Every year, Toronto’s greenhouse gas (GHG) inventory gives us a sense of how Toronto measures up compared to its goal of reducing carbon emissions 80% by 2050. The data measures our emissions from buildings, vehicles, waste, and industry. 2016 results are hot off the presses, and the overall trend is looking positive – with some caveats. For easy reading, TAF’s simple summary report can help you break down the data.
Toronto reduced its emissions in 2016 by 6% compared to the previous year, and 33% since 1990, surpassing the city’s 2020 target ahead of schedule. When compared to similar cities around the world, this progress highlights Toronto’s climate leadership.
But it’s important not to take the current progress for granted.
While we may have surpassed our 2020 target, this was partly due to an unseasonably warm winter in 2016, causing natural gas consumption to be lower than usual for heating buildings. One cold winter could tip back the scales. Also, the majority of Toronto’s reductions so far are related to one big play —the phasing out of coal-fired electricity generation carried out by the province. Emissions from electricity declined considerably due to the coal phase-out. Now that this one big measure is complete, the next phase of reduction will require the City and its residents to carry out much wider transformation involving multiple measures—and the 2030 target of 65% reduction poses a much steeper challenge only eleven years into the future. To continue on the path to progress and avoid dangerous climate change, Toronto will need to step up the pace of actions in the TransformTO plan, and fast.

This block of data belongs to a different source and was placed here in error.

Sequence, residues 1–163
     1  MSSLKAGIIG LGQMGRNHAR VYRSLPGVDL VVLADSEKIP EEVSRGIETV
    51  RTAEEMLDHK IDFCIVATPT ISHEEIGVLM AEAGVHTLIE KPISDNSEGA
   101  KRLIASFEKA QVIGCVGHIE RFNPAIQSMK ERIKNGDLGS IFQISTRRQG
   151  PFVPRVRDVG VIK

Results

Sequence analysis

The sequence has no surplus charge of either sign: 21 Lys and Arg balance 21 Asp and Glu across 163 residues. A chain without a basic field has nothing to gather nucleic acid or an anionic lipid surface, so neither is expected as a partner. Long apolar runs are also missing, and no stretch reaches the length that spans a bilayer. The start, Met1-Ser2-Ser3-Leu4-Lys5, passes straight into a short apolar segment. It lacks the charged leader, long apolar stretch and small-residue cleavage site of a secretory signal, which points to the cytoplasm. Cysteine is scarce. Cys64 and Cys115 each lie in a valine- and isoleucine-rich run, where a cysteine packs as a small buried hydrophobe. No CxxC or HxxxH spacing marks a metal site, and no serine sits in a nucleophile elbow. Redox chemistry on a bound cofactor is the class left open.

The main sources of emissions in Toronto in 2016 were buildings (45%), transportation (35%), and waste (20%). This is similar to the general breakdown in other municipalities in the Greater Toronto and Hamilton Area (GTHA), with the exception of higher industrial emissions outside of the City (see TAF’s Regional Inventory 2015 for the most recent comparison). The overall long-term trend shows emissions decreased from buildings and slightly increased from transportation and waste, also comparable to the wider GTHA region and province where all municipalities have benefited from the coal phase-out.
The City of Toronto is addressing the challenges of reaching its emissions targets and creating other benefits for city residents via its community-wide TransformTO plan, emphasizing three major campaigns:
- High Performance Buildings;
- Electric Mobility; and
- Low-carbon Neighbourhoods
Learn more about these significant results and emerging trends from the inventory and how the TransformTO plan is working to address the challenges in TAF’s summary report here.